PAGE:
WI continues to provide for excellent snowy owl viewing opportunities
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MADISON — Observing a snowy owl in the wild can be a thrilling experience, and early reports statewide indicate birders and non-birders alike may be afforded more viewing opportunities this winter.
As their name suggests, snowy owls are generally a northern species, nesting worldwide on the treeless tundra above the Arctic Circle. During a typical winter, some remain close to their breeding areas, while others head south into southern Canada and the northern United States, including a small number in Wisconsin each year.
Every handful of years, however, large numbers move into Wisconsin in an event known as an irruption. Why these irruptions occur is not completely understood, but is thought to be closely tied to snowy owls’ favorite tundra prey — small rodents known as lemmings.
Surprisingly, this year marks the third consecutive year, and fourth out of the last five, with an irruption of snowy owls in Wisconsin. As of Nov. 9, approximately 72 snowy owls have been recorded in 37 counties across the state. This compares to only five owls by this date in 2014, while no owls arrived until Nov. 15 in 2013. This year’s birds first arrived Oct. 15, nearly a month earlier than most years.
“It’s extremely unusual to see irruptions into the same region in three straight years,” said Ryan Brady, a Wisconsin Department of Natural Resources research scientist. “But, this is a mysterious species whose movements and ecology we do not fully understand, largely because of the remote northern haunts it typically calls home.”
Snowy owls Web page
To help those interested in learning more about snowy owls, the department has created a new Web page with helpful information, including periodic species updates and viewing tips.
For more information regarding snowy owls in Wisconsin, search keywords “snowy owls.”
People can improve their chances of viewing a snowy owl in the wild by understanding the species’ habits. Check low-level perches in open, tundra-like habitats around dawn or dusk from November to March. Common habitats include coastal beaches and harbors, open grasslands and agricultural fields, wetland complexes, airports, and vast expanses of ice-covered water bodies.
Snowy owls are not averse to civilization, and can also be found in suburban or urban settings. In these habitats snowy owls eat a wide variety of prey from small rodents to rabbits to ducks and other birds. They can be seen any time of day, though many individuals only roost during daylight hours and actively hunt from dusk to dawn.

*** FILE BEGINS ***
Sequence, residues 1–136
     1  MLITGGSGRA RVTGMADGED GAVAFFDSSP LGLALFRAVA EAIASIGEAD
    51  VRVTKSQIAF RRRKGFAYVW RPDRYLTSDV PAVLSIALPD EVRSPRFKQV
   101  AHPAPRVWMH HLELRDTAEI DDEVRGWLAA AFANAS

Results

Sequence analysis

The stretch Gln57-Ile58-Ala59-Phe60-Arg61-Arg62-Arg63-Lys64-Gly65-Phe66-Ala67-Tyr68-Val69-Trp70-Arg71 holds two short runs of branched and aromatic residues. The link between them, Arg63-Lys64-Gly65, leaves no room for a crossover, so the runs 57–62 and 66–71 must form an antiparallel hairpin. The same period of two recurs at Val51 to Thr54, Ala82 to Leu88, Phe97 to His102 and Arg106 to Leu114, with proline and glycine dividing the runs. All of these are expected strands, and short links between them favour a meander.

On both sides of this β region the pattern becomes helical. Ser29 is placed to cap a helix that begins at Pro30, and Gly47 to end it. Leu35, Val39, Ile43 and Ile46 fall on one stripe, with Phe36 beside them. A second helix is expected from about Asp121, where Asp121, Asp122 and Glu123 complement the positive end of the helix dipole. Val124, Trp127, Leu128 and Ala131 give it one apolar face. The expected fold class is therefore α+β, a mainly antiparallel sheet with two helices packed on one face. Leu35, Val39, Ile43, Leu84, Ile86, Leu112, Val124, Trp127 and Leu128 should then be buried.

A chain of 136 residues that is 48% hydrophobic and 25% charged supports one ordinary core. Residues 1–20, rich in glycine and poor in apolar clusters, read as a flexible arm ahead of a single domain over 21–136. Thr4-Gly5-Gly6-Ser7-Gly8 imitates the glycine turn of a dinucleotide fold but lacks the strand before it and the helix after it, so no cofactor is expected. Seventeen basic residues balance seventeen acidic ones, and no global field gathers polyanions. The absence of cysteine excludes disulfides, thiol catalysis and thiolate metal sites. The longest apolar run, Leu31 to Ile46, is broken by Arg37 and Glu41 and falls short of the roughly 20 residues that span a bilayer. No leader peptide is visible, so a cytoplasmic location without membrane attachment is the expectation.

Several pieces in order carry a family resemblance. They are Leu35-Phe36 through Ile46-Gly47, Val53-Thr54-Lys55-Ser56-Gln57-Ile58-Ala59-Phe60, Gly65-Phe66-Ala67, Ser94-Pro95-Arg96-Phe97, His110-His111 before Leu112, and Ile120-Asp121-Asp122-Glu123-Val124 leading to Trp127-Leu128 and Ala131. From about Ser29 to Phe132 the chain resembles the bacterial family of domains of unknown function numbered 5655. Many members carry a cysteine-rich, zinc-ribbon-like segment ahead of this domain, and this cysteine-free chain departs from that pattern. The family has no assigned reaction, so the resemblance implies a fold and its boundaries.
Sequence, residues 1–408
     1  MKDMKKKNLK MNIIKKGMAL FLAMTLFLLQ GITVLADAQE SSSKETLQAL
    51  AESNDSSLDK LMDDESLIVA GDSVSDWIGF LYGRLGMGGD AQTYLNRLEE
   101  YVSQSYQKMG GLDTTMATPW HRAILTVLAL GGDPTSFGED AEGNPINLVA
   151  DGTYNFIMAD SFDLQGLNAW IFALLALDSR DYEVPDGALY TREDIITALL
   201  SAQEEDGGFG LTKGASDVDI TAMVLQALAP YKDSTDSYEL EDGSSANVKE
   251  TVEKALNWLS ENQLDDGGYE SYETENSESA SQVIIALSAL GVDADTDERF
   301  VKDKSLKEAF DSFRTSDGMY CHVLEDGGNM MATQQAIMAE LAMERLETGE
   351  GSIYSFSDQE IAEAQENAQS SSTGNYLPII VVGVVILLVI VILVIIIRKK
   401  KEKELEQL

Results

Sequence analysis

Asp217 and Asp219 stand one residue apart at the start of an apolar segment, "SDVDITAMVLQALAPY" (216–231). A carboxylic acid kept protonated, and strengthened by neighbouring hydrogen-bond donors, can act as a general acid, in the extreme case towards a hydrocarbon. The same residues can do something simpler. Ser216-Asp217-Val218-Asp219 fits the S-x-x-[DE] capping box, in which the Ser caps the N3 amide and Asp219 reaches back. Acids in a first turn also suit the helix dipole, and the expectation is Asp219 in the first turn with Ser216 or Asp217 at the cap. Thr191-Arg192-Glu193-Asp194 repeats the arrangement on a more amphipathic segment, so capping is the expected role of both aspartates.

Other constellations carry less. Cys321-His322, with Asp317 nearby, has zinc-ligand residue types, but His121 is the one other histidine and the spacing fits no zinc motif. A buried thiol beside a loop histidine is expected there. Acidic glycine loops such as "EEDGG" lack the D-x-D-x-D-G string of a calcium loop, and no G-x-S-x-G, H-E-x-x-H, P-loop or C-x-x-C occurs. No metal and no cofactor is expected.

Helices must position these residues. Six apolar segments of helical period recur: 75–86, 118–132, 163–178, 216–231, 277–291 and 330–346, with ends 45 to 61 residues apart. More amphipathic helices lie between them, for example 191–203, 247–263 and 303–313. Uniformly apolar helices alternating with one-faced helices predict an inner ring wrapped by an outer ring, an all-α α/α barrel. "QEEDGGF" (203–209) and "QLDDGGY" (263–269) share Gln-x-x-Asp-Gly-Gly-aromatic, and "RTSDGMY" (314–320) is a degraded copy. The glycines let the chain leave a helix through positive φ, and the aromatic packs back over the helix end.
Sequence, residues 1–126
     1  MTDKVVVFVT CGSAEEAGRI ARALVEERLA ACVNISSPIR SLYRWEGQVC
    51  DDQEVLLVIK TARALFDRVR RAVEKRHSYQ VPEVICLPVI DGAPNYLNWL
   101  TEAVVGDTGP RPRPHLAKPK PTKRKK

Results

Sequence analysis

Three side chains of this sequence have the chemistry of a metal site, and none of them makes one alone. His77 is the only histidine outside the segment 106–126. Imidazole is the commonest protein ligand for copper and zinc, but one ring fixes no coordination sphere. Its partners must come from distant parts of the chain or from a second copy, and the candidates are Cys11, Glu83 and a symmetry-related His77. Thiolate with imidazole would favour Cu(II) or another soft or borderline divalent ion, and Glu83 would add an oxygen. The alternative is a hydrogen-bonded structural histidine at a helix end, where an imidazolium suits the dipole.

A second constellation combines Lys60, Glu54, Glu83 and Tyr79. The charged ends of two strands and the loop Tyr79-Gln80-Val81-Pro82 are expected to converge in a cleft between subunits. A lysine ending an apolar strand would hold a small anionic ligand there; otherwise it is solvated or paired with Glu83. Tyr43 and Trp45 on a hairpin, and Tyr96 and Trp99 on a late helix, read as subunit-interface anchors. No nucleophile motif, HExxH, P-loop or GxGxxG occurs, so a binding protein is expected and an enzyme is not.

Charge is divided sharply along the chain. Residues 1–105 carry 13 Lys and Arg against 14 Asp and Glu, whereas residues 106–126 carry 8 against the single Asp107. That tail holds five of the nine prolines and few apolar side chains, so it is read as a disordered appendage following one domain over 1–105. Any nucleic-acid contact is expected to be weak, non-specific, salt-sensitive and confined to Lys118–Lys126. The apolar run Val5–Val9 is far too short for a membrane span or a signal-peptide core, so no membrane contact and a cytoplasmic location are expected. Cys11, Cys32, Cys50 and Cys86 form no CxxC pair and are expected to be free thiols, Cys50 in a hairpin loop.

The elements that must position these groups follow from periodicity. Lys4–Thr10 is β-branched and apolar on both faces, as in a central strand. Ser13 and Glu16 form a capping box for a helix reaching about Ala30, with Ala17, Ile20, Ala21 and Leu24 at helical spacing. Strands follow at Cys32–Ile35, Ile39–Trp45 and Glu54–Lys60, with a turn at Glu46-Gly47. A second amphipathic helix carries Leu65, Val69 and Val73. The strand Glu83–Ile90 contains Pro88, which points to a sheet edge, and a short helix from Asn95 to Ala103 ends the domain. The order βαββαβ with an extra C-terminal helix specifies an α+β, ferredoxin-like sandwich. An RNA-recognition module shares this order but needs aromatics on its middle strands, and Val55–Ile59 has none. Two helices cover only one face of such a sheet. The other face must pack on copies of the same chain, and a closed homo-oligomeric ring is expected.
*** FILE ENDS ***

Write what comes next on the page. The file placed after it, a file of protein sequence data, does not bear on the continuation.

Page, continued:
Brady asks owl observers to report their sighting to Wisconsin eBird at www.ebird.org/wi, an online bird reporting system that helps track snowy owls and other bird species.
Some general recommendations for observing snowy owls in the wild include:
• do not approach an owl too closely – you are too close if the bird frequently looks at you, sits erect with open eyes peering in your direction, or flushes from its perch;
• avoid repeated flushing;
• do not play audio recordings from smartphones or other devices;
• do not feed owls mice or other prey, which may lead to unintended negative impacts, like habituation to people, higher likelihood of vehicle collision, and disease;
• minimize use of flash photography, especially after dark, as this can disrupt an owl’s activity patterns;
• when viewing from a vehicle (recommended!), turn off the engine to avoid interfering with the owl’s auditory hunting technique;
• ask landowner permission before frequenting private property; and
• avoid blocking public roadways and access points.
According to Brady, these recommendations are especially important this season, as some of the owls have arrived in an exhausted condition and would benefit from as little human disturbance as possible.
“Though the reasons are still unclear, it is obvious that these early-arriving owls are a bit more stressed than the past couple years,” Brady noted. “One of the best ways observers can help is to give the birds plenty of space to rest, hunt and recuperate after their long journey south.”
People who think an owl may be sick or injured should contact a local DNR office or wildlife rehabilitator for assistance. A directory of rehabilitators can be found at dnr.wi.gov, keyword “rehab.”